Your vocal range

Every singer has it's own unique sound. The length of your vocal cords determine whether you have a high or a low voice.
High voices have short vocal cords, low voices have longer vocal cords.
The shape of your throat, mouth and nose determine the actual sound of your voice and the range in which your voice sounds best.
 
          
 
In this video a 92-year old tenor sings Nessun Dorma. He prooves that older people can still sing beautifully!
Watch his breath support!



YouTube-video



The opera started a system to categorize the voice.
The main categories are:
SopranoThe soprano - highest female voice
Mezzo-soprano - middle registered female voice
Alto - lowest female voice
Tenor - high male voice
Baritone - middle registered male voice
Bass - lowest male voice
 
All these six categories have different sub-categories. When you click on the links above, you can find out you everything you want to know, both for classical and pop voices!
 
 


It can be difficult to determine what voice type you are. Vocal range has a lot to do with it, but the way your voice sings and sounds is important as well. Many altos can sing pretty high as well, but their voices sound much better in the lower regions.
Many male voices can sing falsetto as well, which enables them to sing as high as altos!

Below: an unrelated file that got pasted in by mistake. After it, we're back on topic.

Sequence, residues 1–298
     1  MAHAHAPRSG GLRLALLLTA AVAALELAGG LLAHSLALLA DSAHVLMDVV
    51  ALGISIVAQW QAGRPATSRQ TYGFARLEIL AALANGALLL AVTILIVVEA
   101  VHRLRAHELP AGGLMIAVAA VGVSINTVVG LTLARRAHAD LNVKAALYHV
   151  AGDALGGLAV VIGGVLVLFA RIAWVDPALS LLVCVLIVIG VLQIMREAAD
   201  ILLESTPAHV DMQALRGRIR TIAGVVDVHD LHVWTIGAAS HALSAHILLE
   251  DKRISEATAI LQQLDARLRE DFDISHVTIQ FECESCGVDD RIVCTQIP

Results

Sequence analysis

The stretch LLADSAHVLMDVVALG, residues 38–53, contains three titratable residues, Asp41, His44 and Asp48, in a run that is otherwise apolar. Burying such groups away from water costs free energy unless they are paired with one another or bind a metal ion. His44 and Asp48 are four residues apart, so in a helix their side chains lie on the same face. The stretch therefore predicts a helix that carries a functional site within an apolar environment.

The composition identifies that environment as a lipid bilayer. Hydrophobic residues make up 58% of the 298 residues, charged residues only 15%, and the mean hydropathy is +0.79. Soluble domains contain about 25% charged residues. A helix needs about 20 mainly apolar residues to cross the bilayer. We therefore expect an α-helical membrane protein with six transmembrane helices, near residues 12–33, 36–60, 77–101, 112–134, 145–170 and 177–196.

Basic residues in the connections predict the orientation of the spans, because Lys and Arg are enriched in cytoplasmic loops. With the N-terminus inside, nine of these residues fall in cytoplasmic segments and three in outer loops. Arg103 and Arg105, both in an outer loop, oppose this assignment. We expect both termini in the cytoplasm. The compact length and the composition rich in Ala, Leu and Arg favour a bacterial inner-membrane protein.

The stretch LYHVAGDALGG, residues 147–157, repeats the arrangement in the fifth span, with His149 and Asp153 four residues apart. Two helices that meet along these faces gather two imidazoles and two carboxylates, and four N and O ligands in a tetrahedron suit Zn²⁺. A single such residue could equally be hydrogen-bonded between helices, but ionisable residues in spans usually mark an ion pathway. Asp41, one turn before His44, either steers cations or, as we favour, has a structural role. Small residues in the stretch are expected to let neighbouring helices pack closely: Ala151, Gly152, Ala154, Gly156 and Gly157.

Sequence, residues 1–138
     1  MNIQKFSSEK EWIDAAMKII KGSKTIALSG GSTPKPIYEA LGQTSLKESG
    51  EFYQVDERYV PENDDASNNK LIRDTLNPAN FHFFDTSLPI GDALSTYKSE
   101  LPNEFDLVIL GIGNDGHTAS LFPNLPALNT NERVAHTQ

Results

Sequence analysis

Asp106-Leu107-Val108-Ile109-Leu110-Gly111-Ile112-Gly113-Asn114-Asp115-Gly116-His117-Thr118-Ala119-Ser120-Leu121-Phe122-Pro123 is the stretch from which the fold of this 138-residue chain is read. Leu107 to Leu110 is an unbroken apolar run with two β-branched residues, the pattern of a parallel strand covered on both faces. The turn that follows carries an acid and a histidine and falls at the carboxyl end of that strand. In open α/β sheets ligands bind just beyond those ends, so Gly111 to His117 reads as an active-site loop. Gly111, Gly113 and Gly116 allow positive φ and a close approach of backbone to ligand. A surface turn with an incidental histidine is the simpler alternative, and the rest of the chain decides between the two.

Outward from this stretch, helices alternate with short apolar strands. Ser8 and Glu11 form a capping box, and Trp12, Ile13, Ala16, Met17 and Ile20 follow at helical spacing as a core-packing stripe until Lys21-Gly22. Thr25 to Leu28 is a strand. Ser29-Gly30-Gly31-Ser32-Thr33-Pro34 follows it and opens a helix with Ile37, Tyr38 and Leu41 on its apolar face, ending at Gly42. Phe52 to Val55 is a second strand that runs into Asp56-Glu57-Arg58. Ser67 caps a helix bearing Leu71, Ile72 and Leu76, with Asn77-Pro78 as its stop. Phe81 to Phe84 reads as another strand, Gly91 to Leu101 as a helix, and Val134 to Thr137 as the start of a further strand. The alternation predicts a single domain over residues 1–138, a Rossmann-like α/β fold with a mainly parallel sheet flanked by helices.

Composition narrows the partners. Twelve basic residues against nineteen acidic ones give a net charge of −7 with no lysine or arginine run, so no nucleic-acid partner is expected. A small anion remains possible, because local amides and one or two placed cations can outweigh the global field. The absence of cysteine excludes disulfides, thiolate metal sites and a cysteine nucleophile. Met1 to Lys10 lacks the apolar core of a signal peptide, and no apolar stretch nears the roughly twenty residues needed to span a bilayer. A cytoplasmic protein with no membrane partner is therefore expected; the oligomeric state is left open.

Keep in mind that singing in the wrong vocal range is unhealthy and can do major damage to your voice!
 
       
 
 A voice teacher can help you to explore your vocal range. Sometimes it can take several years before you discover your voice type. Many mistakes are made with classifying voices, even by experienced voice teachers. So stay alert and take your time exploring your sound and range!





















There are some things you need to be aware of. First of all, many singers tend to colour their voice darker than they should. By doing this, they pull the larynx too low which prevent them from reaching the higher regions of their vocal range. These singer may think they are bass/baritone or alto/mezzo-soprano but in fact they might be tenor or soprano!
Other singers will tend too sing the highest notes with extreme force and found a way to colour their voices lighter. These singers may think they are tenor or soprano but in fact they sing much better when they would 'descend' to the mezzo-soprano or baritone range.
 
 
 
When singing in a choir especially mezzo-sopranos and baritones often have to sing a little too high or too low for their voices. Many choirs sing SATB repertoire. This means the choir is divided in four sections; sopranos, altos, tenors and basses. So there is no mezzo-soprano and baritone group and they are forced to sing soprano or alto/tenor or bass.
 
If you sing in a choir and feels your voice can't keep up with the demands of the part you need to sing, you should visit a voice teacher to determine whether it is healthy for you to sing those parts or not. Conductors may not always be aware of the vocal health hazards for choral singers, so your voice's health is your own responsability!